Sangalang vs. IAC G.R. No. 71169, December 22, 1988 168 SCRA 634 (1988)

Facts:  August 12, 1977, the municipal officials of Makati, destroyed and removed the gates constructed/located at the corner of Reposo Street and Jupiter Street as well as the gates/fences located/constructed at Jupiter Street and Makati Avenue forcibly, and then opened the entire length of Jupiter Street to public traffic. Subsequently, Petitioners brought the present action for damages against the defendant-appellant Ayala Corporation predicated on both breach of contract and on tort or quasi-delict A supplemental complaint was later filed by said Petitioners seeking to augment the reliefs prayed for in the original complaint because of alleged supervening events which occurred during the trial of the case. That the exclusivity of the said village was adversely affected and diminished due to the opening of the said streets to the public. That the exclusivity of the said village was guaranteed in the restrictions of TCT.

Issue: Whether the Right to Non-Impairment of Contracts of the complainants was violated by the Respondents in an resolution promoting the welfare of the general public?

Held: No, while non-impairment of contracts is constitutionally guaranteed, the rule is not absolute, since it has to be reconciled with the legitimate exercise of police power, i.e., “the power to prescribe regulations to promote the health, morals, peace, education, good order or safety and general welfare of the people.’ Invariably described as “the most essential, insistent, and illimitable of powers” and “in a sense, the greatest and most powerful attribute of government,” the exercise of the power may be judicially inquired into and corrected only if it is capricious, whimsical, unjust or unreasonable, there having been a denial of due process or a violation of any other applicable constitutional guarantee. Police power is elastic and must be responsive to various social conditions; it is not confined within narrow circumscriptions of precedents resting on past conditions; it must follow the legal progress of a democratic way of life. The court do not see why public welfare when clashing with the individual right to property should not be made to prevail through the state’s exercise of its police power.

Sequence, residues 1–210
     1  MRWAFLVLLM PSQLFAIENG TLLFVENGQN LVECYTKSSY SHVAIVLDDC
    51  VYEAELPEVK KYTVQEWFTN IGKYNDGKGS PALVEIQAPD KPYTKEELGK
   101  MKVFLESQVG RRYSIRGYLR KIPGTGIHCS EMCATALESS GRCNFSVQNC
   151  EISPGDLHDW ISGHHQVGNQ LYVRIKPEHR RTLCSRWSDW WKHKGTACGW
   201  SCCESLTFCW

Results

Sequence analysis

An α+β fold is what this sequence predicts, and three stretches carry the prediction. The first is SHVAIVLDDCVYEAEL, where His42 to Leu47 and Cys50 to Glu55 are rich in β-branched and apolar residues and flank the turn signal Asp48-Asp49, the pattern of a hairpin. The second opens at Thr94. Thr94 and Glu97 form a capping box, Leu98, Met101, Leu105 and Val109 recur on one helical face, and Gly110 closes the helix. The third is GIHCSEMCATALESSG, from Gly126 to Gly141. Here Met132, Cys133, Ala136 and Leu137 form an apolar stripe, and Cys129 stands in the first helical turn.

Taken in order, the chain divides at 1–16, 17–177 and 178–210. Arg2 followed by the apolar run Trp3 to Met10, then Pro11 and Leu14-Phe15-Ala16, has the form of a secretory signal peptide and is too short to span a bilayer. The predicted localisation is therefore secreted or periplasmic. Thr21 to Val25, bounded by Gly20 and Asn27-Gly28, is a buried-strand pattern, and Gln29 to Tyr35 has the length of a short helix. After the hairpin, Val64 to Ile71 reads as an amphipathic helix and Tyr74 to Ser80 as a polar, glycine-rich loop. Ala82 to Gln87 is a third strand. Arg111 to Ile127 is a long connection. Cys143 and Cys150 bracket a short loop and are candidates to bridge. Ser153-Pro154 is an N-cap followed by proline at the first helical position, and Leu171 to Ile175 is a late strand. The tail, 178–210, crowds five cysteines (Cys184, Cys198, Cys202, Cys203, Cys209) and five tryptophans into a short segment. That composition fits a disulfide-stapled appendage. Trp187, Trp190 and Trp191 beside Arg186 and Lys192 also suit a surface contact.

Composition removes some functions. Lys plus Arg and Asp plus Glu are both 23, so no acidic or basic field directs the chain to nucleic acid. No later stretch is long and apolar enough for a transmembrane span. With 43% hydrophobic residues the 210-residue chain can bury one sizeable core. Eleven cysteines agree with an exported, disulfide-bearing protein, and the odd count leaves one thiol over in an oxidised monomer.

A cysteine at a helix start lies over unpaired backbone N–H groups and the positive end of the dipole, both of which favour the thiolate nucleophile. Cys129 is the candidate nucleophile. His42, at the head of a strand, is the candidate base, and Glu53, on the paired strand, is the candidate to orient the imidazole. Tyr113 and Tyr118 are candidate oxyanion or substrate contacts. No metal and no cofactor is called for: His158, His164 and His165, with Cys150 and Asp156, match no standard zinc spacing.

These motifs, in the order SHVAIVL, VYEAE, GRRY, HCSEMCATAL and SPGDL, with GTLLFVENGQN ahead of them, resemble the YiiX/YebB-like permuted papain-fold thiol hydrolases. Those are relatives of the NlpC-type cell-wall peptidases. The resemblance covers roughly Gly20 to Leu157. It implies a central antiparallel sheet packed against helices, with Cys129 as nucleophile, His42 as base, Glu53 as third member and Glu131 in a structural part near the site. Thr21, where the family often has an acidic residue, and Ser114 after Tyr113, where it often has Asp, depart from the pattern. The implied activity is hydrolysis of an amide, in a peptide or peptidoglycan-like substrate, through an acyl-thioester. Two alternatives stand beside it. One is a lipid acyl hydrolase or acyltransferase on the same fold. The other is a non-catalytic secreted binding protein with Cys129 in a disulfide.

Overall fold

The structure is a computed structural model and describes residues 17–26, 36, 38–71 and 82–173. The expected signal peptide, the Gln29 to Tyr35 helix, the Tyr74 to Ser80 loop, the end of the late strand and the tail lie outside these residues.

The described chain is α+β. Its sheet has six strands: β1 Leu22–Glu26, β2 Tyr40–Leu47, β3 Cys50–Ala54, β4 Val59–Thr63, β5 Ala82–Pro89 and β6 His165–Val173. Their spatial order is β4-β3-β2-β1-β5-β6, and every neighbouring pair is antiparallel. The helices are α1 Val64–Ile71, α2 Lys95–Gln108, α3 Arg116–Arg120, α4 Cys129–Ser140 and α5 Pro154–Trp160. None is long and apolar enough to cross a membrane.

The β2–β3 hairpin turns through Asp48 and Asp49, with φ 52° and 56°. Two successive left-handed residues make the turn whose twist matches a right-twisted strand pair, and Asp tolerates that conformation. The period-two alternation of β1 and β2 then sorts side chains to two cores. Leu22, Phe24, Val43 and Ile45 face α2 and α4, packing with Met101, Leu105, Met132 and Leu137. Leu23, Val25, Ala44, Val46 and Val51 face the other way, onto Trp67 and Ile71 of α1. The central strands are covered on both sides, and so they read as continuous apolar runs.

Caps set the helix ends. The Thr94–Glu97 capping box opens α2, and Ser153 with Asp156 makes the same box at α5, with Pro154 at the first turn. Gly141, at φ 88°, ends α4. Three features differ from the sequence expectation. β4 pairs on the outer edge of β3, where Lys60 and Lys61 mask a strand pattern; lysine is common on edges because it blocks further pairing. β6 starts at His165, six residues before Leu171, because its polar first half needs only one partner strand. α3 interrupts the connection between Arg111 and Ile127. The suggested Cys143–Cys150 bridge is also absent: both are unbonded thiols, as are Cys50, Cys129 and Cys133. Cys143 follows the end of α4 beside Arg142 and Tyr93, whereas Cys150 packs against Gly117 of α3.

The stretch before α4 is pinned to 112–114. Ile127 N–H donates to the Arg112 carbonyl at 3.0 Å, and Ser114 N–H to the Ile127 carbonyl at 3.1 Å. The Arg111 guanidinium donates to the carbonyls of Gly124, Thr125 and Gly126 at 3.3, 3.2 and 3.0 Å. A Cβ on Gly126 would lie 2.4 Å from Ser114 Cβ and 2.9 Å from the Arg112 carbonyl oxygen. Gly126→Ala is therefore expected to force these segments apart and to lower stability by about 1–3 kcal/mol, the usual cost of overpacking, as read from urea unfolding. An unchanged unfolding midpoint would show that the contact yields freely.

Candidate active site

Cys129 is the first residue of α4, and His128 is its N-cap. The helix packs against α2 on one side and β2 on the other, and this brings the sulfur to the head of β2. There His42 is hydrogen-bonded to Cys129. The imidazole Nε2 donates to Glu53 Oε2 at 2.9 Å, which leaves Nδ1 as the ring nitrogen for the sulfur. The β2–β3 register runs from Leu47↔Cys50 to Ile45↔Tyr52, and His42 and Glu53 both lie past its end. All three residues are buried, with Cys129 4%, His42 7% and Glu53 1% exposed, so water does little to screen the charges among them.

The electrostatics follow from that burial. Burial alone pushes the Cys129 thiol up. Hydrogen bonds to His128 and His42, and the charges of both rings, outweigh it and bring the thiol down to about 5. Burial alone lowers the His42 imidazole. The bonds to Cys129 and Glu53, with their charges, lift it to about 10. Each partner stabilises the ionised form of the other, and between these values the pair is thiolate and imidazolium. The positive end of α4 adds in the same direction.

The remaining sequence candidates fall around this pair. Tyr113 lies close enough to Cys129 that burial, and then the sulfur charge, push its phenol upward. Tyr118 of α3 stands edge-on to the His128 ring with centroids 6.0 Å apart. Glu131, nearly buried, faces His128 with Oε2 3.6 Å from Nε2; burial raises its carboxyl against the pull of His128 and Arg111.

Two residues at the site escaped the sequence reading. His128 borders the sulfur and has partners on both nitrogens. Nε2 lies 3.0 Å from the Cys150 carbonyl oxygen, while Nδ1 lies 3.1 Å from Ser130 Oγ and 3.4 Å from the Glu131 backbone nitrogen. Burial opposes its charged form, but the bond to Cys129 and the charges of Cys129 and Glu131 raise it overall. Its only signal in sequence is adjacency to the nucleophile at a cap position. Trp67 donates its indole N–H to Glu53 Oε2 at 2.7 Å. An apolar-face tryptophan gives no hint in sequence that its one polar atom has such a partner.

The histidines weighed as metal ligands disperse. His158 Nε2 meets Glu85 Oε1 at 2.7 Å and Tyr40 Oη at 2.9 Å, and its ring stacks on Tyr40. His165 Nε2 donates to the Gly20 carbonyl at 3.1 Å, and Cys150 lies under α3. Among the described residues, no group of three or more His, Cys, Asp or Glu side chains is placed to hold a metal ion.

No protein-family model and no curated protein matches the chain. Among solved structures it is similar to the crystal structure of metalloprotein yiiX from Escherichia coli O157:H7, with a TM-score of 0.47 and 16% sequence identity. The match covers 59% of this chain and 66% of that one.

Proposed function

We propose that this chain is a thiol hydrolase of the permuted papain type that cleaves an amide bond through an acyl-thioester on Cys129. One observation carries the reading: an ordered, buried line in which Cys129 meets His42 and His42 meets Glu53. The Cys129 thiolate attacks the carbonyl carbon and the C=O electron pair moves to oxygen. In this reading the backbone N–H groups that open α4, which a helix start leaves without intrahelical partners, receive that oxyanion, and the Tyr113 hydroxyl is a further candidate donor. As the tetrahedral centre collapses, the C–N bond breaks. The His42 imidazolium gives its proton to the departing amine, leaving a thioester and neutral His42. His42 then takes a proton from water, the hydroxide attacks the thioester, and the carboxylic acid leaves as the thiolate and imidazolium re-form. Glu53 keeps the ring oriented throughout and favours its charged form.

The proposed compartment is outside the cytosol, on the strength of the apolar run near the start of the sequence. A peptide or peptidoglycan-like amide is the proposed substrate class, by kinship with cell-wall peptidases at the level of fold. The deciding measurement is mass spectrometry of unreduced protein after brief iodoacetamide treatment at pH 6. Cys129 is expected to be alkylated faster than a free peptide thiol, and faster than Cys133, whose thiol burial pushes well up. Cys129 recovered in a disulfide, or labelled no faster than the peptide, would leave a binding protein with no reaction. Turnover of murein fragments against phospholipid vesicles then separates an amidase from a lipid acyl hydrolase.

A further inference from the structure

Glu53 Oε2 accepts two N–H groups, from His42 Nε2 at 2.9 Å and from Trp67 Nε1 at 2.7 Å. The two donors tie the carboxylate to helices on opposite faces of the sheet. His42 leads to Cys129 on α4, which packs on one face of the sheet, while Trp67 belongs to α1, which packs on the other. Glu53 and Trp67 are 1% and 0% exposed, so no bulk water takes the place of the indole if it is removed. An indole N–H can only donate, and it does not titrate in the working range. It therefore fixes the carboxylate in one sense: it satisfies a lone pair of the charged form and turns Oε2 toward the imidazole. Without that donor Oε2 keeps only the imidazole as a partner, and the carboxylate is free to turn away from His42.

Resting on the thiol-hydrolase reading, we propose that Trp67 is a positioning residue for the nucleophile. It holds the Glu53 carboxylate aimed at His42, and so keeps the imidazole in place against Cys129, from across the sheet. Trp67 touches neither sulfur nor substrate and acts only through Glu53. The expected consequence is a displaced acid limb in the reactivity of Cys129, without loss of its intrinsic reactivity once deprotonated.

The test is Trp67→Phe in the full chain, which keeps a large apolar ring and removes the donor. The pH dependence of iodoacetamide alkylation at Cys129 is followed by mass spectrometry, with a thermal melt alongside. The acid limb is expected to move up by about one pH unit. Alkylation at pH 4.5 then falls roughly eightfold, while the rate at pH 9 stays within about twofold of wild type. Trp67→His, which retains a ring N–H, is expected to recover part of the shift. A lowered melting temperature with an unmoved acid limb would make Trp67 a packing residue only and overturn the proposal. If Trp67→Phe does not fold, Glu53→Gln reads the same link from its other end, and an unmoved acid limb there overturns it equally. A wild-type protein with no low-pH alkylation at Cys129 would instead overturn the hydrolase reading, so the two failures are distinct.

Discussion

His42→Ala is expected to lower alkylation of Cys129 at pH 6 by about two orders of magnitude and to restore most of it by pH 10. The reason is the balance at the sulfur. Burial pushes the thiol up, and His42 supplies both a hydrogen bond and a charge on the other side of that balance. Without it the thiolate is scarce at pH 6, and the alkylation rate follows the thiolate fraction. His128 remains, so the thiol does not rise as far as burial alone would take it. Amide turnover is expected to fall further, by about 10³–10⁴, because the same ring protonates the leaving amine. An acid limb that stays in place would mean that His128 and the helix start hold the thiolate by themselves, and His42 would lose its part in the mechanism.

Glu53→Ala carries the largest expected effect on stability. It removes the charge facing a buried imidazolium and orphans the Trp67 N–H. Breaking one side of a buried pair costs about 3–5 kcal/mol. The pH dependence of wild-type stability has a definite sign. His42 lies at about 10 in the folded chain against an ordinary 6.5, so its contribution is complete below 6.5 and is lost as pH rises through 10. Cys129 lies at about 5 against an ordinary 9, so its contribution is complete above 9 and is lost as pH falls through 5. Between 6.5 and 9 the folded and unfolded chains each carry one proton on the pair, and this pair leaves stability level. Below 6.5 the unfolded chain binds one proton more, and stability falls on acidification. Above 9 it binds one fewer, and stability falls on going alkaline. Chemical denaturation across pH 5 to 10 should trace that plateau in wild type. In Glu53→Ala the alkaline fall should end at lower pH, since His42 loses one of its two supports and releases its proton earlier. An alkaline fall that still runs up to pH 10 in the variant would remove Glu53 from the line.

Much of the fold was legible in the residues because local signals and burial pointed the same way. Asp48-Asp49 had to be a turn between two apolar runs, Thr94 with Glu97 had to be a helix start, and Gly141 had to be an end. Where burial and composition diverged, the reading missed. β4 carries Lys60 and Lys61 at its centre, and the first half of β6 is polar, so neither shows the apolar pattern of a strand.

Undoubtedly, the Metro Manila Commission (MMC) Ordinance represents a legitimate exercise of police power. The petitioners have not shown why we should hold otherwise other than for the supposed “non-impairment” guaranty of the Constitution, which, as we have declared, is secondary to the more compelling interests of general welfare. The Ordinance has not been shown to be capricious or arbitrary or unreasonable to warrant the reversal of the judgments so appealed. In that connection, we find no reversible error to have been committed by the Court of Appeals.


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